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I was more than a little startled when Konrad Adenauer approached me in the Old Market.
Sure, I was visiting Cologne, Germany, Adenauer’s hometown. But I had never imagined I’d lay eyes on the German republic’s first post-war chancellor — much less get a wave from him.
Not least because he died six years before I was born.
But I had traveled back to 1926, when Adenauer was Cologne’s mayor, courtesy of TimeRide, a virtual reality tour.
I’m not much for tourist attractions, which TimeRide — which also operates in Dresden, Munich, Berlin, and Frankfurt — most certainly is. But my colleagues at a Cologne-based democracy NGO suggested I try it. I’m glad I did.
Because TimeRide suggests possibilities for remembrance of difficult pasts — and for how communities envision their democratic futures.
The idea of using virtual reality to document horrors is not new. The state of Bavaria created a virtual reality version of the Auschwitz-Birkenau concentration camp to assist with the prosecution of Nazi war criminals. And VR has become an important tool for memorialization genocide — notably with the recent Illinois Holocaust Museum and Education Center exhibition The Journey Back.
And VR represents a crucial form of historical preservation, by re-creating o structures and spaces that are lost or damaged, like ancient sites destroyed during warfare in Syria and Iraq.
But such VR projects have also raised questions. Can there be equal access to history if it’s tied to an expensive technology? Could “virtually real” representations of concentration camps or war force people to relieve old traumas — or cause new ones? Might virtual reality technologies be manipulated in service of false narratives that incite violence or undermine democracy?
These risks are real, but so is the power of the technology to construct memory. TimeRide succeeds because it does something elemental — it shows just how much human actions can destroy our communities.
I found TimeRide more haunting than some war and Holocaust exhibitions precisely because it does not show you horrors. Instead, it takes you on a tour of interwar Cologne, in a moment of Golden Twenties bloom. After I paid my 24 euros, boarded the stationary streetcar inside an Old Market storefront, and put on the VR headset, I was back in 1926.
Over 45 minutes, the ride recreates some 2,000 buildings and more than 3,000 people, among them Mayor Adenauer. You wind through several neighborhoods, including the Jewish Quarter, before finishing at a Carnival parade.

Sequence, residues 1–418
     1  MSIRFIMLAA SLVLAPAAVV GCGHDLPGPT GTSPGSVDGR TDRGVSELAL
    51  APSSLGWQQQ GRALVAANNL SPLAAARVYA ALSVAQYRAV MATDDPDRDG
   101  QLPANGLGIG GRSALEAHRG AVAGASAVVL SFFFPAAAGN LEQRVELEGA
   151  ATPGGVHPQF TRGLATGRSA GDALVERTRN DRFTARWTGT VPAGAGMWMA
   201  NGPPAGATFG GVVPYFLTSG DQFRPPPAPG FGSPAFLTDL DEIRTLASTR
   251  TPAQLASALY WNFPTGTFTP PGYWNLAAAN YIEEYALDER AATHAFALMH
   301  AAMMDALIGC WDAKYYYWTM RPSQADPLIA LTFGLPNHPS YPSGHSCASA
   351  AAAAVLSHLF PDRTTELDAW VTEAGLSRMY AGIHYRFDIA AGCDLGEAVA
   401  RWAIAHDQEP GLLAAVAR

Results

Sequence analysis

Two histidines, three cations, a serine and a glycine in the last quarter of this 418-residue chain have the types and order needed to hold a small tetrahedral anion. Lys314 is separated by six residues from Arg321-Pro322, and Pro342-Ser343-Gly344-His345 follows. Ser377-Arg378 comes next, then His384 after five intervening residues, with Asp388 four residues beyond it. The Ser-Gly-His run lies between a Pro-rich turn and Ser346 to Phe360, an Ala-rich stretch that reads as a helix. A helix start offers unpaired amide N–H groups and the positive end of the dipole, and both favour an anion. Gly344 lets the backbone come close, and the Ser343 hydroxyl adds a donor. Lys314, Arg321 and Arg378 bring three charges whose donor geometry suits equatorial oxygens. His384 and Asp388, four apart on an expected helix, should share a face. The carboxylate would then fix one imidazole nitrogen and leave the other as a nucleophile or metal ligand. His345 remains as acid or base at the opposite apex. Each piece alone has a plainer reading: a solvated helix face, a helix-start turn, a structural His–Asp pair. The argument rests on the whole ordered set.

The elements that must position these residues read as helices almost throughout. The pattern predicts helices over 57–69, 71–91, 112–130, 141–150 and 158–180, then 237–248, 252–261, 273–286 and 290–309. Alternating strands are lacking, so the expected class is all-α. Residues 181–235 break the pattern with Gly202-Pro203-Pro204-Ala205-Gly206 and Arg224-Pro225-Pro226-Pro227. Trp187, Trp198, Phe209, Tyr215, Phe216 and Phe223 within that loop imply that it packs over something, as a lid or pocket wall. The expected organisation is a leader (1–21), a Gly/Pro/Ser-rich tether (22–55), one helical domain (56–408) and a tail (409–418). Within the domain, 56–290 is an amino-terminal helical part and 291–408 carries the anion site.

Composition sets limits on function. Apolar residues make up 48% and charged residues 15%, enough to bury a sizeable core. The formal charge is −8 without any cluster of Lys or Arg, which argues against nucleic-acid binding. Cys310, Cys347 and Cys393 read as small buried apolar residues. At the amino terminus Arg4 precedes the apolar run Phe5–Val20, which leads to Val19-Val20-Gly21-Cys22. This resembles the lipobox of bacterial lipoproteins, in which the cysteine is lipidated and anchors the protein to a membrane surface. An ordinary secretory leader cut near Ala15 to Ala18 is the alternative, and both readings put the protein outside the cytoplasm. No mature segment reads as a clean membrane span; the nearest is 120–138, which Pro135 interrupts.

But the greatest power of the ride comes once it’s over, and you walk out into the Old Market, look anew at the city, and recognize just how fragile it all is.
Yes, the Rathaus — the old city hall — is visible, as is Cologne’s famous cathedral. But of the 2,000 buildings in the virtual reality, just 26 still exist, because of the horrors of the Nazis, genocide, and war.
Walking around Cologne, dazed, I found myself thinking of how virtual reality might help us see how we impact the world.
Imagine if we could take a boat through the Amazon of 1823, or lace up virtual snow shoes to cross melted glaciers. Could we see the indigenous communities destroyed in previous centuries? Could we visit Hiroshima and Nagasaki before the bombs? Could we go back just two years ago to Mariupol before the Russian military destroyed it?
Back home in L.A., I want virtual reality to take me to the great neighborhoods we’ve bulldozed — the Old Chinatown obliterated for a train station, or the Chavez Ravine evacuated to build Dodger Stadium.
Even more than that, I want virtual technologies to show us different futures. This way, everyday people can deliberate and vote on what gets lost, what stays, and what gets built — and all the power doesn’t belong to those with the capacity to destroy nearly everything you can see.
Joe Mathews is California columnist and democracy editor at Zócalo Public Square.
This article originally appeared on Ventura County Star: VR took me to the past — and the future